The NOAA Fisheries is offering a new exciting opportunity for students through the Hōkūala Kīkaha Kai or “Rising Star on the Ocean” Internship. Currently in its pilot year, the internship aims to reach undergraduate students in local Pacific Islands communities who are interested in hands-on learning that will prepare them for a career in ocean science.
Students complete a paid 10-12 week summer internship experience hosted by Pacific Islands Fisheries Science Center Young Scientist Opportunity (PYSO), which can potentially be followed by an opportunity for a “term” federal position with the Pacific Island Fisheries Science Center that suits the student’s career goals. For the program’s first intern, Malia Martin, this internship was a life-changing experience.
“I didn’t know there were opportunities for students who didn’t have a 4.0 GPA or other experiences,” said Martin, who was born and raised in Oahu, Hawaiʻi, and attends Leeward Community College. “The Hōkūala Kīkaha Kai internship actually encouraged that.”
Once Martin was accepted into the program, she hit the ground running. Her project focused on engineering a solution to help improve Hawaiian Deep 7 bottomfish research surveys. She was asked to develop a light system that would allow the research team to see Deep 7 species, such as onaga (Hawaiian ulaʻula koaʻe, Etelis coruscans), also known as longtail snapper, on video. Onaga and the other six species listed are incredibly valuable both economically and culturally in Hawai‘i, making them species especially important to study and protect. While most fish live in depths where sunlight penetrates, the Deep 7 typically live much deeper at 600-1,000 feet.
“What researchers do is deploy a camera system to capture deep bottomfish,” said Martin. With current technology, it’s difficult to adjust the light intensity, accommodate for pressure changes, or prevent shadows that impair the video. “I did a lot of video analyses and I was able to make computer-aided designs, which was the hardest thing I had to do.” After researching what designs have worked and not in the past, she came up with a prototype that would be more durable during deployment, and could reduce shadows, making it easier for researchers to see the onaga and other Deep 7 species that are particularly hard to see at depth.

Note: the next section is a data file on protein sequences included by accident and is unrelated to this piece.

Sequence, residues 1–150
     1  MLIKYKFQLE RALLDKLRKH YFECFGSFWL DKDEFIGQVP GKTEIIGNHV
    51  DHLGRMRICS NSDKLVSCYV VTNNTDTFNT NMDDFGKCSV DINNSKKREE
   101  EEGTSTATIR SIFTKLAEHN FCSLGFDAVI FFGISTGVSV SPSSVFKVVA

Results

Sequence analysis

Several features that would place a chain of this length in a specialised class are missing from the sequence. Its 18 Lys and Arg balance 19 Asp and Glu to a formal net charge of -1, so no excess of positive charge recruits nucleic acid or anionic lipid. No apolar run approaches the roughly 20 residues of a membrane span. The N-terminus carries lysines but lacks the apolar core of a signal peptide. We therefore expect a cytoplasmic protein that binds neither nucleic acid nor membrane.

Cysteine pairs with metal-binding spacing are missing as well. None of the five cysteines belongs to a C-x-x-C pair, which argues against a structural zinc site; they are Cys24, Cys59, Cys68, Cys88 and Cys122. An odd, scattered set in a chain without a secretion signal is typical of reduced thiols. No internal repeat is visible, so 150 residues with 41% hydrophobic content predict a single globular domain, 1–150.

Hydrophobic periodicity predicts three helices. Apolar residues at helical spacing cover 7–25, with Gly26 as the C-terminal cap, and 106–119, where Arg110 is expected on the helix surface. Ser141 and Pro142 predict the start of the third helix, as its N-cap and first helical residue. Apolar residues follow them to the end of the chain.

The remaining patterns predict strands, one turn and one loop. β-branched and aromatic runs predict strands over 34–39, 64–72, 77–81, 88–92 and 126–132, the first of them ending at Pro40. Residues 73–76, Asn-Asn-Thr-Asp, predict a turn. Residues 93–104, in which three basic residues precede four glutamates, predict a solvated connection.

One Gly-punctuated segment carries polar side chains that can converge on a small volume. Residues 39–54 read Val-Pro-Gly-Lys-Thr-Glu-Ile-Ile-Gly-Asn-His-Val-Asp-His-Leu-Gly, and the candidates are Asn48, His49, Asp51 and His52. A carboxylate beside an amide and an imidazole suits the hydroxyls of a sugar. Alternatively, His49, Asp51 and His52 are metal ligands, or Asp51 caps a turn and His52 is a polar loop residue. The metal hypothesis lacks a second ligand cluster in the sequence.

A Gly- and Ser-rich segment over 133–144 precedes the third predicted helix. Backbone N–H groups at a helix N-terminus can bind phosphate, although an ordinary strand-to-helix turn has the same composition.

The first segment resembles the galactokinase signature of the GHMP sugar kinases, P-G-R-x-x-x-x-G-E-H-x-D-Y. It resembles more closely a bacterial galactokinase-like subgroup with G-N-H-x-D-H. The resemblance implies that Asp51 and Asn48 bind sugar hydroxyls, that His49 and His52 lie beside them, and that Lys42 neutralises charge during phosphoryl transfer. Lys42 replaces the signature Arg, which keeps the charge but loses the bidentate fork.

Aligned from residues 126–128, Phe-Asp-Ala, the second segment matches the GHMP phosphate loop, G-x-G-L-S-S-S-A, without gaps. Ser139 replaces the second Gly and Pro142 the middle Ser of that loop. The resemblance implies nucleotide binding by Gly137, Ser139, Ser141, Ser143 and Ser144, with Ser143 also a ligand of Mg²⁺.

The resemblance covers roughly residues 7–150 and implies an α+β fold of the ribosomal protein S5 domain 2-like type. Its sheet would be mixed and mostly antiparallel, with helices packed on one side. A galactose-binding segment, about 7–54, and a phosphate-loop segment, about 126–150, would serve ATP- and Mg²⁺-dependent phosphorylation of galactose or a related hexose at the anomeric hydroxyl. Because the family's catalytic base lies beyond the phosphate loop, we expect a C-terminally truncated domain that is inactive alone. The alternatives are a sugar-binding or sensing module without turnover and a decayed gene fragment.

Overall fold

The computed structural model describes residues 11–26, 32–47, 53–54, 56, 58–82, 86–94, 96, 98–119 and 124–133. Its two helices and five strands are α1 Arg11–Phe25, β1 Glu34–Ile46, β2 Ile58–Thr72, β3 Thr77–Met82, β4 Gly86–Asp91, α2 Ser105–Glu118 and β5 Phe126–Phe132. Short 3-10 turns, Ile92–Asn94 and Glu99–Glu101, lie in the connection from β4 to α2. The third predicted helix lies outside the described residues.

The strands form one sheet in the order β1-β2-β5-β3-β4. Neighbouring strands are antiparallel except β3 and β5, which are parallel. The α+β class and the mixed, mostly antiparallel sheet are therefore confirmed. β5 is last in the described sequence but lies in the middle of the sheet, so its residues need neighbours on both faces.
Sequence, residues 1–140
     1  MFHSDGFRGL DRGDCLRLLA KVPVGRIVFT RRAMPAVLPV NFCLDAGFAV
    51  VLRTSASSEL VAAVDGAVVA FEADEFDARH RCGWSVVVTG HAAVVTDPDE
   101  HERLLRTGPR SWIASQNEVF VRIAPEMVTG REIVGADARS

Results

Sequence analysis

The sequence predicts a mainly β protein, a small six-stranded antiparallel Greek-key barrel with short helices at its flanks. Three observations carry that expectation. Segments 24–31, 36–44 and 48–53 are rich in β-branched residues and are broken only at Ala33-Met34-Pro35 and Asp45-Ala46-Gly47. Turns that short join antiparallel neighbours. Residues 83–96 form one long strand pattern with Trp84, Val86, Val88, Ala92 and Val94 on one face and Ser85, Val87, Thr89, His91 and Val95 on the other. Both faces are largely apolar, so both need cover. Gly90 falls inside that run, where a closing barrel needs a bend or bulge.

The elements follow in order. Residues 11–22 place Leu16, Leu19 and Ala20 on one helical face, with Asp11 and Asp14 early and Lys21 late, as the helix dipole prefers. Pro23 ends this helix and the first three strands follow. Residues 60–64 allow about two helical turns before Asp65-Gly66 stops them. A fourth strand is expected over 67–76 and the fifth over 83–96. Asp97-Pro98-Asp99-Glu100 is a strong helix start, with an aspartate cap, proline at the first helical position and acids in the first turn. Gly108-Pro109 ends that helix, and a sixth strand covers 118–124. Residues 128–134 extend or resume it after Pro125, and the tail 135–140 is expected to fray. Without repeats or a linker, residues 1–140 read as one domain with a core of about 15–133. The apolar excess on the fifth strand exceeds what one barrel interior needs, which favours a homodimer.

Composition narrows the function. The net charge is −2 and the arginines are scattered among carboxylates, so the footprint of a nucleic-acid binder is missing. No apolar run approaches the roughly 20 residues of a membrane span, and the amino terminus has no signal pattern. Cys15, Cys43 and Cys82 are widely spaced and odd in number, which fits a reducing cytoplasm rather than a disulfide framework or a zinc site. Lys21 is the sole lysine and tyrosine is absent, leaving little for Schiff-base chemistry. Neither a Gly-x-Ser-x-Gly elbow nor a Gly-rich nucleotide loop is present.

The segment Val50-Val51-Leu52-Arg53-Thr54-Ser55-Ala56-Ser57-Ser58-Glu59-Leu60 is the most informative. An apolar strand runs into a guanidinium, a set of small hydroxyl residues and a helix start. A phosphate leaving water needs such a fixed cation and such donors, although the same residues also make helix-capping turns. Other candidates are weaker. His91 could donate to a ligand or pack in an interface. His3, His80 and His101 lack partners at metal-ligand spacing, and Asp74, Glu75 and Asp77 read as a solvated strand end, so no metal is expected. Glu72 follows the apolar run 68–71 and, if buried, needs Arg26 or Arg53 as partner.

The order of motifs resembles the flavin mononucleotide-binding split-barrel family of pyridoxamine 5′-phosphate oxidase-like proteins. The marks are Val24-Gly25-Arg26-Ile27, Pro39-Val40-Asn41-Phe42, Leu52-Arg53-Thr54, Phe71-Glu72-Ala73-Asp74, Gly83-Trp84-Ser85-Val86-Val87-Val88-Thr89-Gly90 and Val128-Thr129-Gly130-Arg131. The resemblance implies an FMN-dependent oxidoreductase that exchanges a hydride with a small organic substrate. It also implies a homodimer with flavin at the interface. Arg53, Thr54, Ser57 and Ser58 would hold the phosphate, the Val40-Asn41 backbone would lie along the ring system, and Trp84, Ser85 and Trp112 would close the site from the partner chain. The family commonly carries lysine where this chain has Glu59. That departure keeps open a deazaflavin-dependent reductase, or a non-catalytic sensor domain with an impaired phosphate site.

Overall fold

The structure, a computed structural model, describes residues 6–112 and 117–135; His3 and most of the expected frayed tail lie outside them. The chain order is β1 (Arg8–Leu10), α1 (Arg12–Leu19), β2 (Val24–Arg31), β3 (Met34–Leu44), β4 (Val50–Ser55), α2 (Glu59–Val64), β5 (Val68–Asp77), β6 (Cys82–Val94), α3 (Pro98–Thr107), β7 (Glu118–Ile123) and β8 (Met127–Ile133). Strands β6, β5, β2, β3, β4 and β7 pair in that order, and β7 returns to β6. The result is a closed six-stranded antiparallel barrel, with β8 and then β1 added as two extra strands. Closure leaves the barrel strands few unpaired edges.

Martin 3D printed her design, which was the first time the team used this method, and tested it in the water. Unfortunately, the first few prototypes didn’t work out as Martin predicted, but she kept trying and improving the design. “Whenever we were testing something and it worked, I loved that we were all jumping up and down. When something didn’t work, we were disappointed, but we were immediately thinking what we should do differently next time. I really cherished those moments of collective joy and curiosity, and it showed me what science really is.”
Throughout her internship, she leaned on the strong support of her team and mentors who encouraged her to keep going. “For a little bit I wondered if I was not cut out for this. I was talking to my supervisor, Kyle Koyanagi, and said I felt like an outcast because everyone else is so smart and I feel like I don’t belong here. But they told me I’ll be okay and I’m not expected to know everything. I learned so much stuff in the internship and it really motivates me to do more in school and think about a master’s program.”
You will meet amazing people. Whether you’re experienced or not, they will help you every step of the way. Just don’t psych yourself out and don’t shortchange yourself. You can do more than what you think you can. I never touched engineering before, and I did an engineering project. Be open minded! Things can change as you do more science.
The internship also opened up additional opportunities for Martin. “I’ll be doing outreach to other community colleges, and I was asked by my high school to share about my experiences.” Through her story, she hopes to encourage other students from similar backgrounds to pursue NOAA student opportunities and a career in ocean-related fields. When asked what advice she wants to share with others interested in these fields she said, “Be nice to yourself. At the beginning of my internship, I kept thinking I was nowhere near peoples’ expertise.” She also encourages students to look for opportunities that are available to them. "You will meet amazing people. Whether you’re experienced or not, they will help you every step of the way. Just don’t psych yourself out and don’t shortchange yourself. You can do more than what you think you can. I never touched engineering before, and I did an engineering project. Be open minded! Things can change as you do more science."
Next fall Martin plans to transfer into the Global Environmental Science program at the University of Hawaiʻi at Mānoa and hopes to work with NOAA in the future. Reflecting on her experiences and upcoming transfer, Martin says, “I’m excited knowing that I have really great mentors. Anytime I think I’m going to quit, I remind myself of my experiences at NOAA.”